[This article was originally published in Zomppa, the International food magazine.]
Rice is much treasured in India and is a dominant staple in Eastern, Southern and some parts of Western India. Indian cooking revolves around a variety of rice dishes. I have spoken earlier in one of my previous posts about the culinary heritage known as the royal Indian Biryani. But Indian rice variations will surprise many. Some Indian rice dishes require special varieties of rice. The popular rice varieties used commonly in a large number of rice dishes in India are: Dehradun rice, Patna rice, sona masoori, Bengali govindabhog and the evergreen basmati rice (which are long-grained and fragrant). The simple and inexpensive boiled rice makes some of the outstanding rice dishes. Rice powder, rice crispies and flaked rice (poha) are other variations, which are often used as a basic ingredient to prepare a number of other variations! In India, even the rice starch makes a nourishing drink which is often given to small children or older people for gaining weight and for general strength. This rice-starch drink also serves as an inexpensive source of nutrition to the poor.
The South-Indian idlis, dosais, and appams deserve a special mention. These preparations, which were once restricted only to the Southern India, are fast finding their presence in the global palate.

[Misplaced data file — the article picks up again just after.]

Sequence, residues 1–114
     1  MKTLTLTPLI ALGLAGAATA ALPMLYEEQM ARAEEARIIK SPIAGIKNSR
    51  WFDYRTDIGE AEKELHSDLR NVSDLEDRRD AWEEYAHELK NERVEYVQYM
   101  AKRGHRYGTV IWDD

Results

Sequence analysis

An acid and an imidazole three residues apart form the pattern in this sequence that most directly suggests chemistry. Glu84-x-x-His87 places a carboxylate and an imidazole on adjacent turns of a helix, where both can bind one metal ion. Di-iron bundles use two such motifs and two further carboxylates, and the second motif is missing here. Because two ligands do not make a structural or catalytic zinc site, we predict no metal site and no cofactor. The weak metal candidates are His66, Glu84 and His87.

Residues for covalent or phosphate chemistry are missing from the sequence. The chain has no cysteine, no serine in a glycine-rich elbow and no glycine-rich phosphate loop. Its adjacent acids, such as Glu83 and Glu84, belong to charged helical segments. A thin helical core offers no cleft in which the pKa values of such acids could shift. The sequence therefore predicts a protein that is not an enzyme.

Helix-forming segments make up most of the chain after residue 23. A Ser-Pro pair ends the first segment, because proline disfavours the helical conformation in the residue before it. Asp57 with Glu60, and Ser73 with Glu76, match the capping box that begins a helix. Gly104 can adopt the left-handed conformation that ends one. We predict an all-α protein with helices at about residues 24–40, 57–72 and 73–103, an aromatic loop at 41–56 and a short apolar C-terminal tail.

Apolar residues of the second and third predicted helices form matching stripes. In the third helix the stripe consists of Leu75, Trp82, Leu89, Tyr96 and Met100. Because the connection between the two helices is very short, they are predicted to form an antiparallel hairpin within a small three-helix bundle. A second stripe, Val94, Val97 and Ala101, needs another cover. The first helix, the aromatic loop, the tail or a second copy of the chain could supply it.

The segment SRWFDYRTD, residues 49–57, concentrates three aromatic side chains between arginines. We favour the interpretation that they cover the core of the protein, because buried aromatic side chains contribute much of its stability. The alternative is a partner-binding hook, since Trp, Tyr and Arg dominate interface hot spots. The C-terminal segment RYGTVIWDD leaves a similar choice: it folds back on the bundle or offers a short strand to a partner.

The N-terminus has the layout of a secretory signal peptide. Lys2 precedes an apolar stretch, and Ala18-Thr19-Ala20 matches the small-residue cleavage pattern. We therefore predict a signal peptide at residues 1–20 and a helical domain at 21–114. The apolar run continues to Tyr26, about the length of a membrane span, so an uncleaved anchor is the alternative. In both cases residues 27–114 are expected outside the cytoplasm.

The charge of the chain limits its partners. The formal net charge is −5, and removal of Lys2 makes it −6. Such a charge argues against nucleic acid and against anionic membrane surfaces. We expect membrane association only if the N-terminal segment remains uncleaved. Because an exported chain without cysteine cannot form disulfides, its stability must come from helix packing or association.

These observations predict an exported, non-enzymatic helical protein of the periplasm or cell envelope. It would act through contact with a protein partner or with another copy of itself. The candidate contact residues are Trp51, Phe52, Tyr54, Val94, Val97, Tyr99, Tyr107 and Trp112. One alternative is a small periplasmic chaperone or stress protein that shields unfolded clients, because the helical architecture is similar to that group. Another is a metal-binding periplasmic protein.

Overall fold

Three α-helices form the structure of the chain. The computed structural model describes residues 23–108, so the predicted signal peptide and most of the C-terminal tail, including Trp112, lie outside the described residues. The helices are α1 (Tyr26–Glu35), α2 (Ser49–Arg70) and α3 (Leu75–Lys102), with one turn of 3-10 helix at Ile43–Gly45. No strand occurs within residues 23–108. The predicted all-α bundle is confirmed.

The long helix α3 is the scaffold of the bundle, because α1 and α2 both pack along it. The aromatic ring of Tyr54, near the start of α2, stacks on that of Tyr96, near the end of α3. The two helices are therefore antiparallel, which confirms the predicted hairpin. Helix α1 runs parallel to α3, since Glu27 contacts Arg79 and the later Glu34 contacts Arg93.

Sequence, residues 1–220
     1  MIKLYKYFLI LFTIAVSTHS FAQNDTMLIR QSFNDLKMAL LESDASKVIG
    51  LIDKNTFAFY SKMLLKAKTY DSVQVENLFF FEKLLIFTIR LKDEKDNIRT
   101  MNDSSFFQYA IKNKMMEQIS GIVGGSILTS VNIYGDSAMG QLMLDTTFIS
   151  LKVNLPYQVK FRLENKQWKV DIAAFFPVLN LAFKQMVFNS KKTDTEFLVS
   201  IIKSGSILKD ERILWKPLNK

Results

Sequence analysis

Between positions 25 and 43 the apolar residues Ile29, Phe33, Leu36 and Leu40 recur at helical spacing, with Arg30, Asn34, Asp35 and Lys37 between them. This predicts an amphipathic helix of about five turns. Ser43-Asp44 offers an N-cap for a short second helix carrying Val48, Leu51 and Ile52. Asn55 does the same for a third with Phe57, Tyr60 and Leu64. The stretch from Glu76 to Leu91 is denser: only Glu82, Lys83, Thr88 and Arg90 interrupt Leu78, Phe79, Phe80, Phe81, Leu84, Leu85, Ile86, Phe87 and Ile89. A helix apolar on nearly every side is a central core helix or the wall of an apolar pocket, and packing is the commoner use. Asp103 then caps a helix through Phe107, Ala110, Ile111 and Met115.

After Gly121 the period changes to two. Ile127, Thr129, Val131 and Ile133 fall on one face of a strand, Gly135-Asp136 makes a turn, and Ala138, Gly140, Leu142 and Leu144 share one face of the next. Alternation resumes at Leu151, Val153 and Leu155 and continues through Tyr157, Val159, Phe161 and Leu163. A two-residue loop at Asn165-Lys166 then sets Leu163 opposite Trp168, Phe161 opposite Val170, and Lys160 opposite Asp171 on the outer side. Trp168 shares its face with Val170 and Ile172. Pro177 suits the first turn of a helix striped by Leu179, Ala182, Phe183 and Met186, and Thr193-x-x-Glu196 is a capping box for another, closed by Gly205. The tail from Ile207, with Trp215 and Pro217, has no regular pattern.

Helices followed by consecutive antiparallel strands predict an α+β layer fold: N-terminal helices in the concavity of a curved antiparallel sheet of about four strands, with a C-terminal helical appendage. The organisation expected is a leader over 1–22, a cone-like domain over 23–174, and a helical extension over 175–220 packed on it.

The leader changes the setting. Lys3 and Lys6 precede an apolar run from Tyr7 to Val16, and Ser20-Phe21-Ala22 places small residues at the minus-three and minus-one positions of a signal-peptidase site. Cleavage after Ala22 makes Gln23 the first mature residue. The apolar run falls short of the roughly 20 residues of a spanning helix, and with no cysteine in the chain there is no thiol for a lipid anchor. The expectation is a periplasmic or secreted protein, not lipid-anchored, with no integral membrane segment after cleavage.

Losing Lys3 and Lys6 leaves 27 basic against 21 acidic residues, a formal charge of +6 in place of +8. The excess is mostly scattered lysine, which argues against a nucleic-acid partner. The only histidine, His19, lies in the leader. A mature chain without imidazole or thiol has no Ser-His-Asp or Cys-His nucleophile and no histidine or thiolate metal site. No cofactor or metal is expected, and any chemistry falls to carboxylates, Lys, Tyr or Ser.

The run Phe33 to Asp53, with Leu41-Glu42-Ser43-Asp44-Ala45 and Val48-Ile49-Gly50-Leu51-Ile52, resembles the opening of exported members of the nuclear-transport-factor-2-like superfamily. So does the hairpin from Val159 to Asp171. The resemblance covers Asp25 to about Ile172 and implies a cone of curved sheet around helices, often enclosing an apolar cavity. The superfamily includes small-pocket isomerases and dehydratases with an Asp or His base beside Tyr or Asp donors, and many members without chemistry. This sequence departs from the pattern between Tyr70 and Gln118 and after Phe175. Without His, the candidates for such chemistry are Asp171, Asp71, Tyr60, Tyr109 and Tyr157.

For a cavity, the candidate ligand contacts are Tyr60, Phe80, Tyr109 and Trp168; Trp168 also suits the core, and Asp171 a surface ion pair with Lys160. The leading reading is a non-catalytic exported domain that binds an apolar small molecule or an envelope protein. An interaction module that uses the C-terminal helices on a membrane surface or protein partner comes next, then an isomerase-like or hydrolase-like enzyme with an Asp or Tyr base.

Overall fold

Steamed rice is generally eaten throughout India. The modern ways adopted to cook rice involve the use of pressure cooker, microwave and the rice cooker. But, the age-old method is still practised widely in India, which involves putting the soaked and drained rice into a hundi or a deep vessel of boiling water and boiling this till the rice is cooked. The vessel is then covered with a lid and the water is decanted until the last drop falls off.
Popular rice dishes in India
Cooked throughout India, khichri is another very popular comfort food. For the basic khichri, just heat some ghee in a pressure cooker and add bay leaves, whole red chillies, whole garam masala, cumin seeds and crushed ginger. Add halved potatoes, few cauliflower florets, peas and diced carrots. Coriander and cumin powders are added for the spicy flavor. Pre-soaked rice and mung dal (yellow mung pulses) are added to this and fried for some time. Extra water, along with tomatoes, green chillies, salt and turmeric powder are added and this is pressure-cooked till a runny consistency is reached.
The distinctive blend of ingredients in this royal Indian dish makes this unique rice preparation a unique gastronomical experience. Once the royal dish of the Mughal empire, it is now one of the most sought-after rice dishes in Indian restaurants across the world! Although earlier, this was often prepared with game meats such as deer, peacock, quail or goat, the most popular way of cooking biryani is definitely with the best-quality mutton. Vegetarian biryani also exists and is equally popular since India consists of a considerable number of Vegetarians. For more on the royal Indian biryani, click here.
This is a dessert and is often cooked on auspicious occasions. Rice is slow-cooked with milk, cashew nuts or almonds, raisins and cardamom powder. The sweetener can be sugar or jaggery. This is a heirloom preparation and has even found its mention in the ancient Indian epics. The Kashmiris, however, use rice powder to make a similar rice dessert, which is called phirni. Saffron and rose water are added in some kinds of kheer.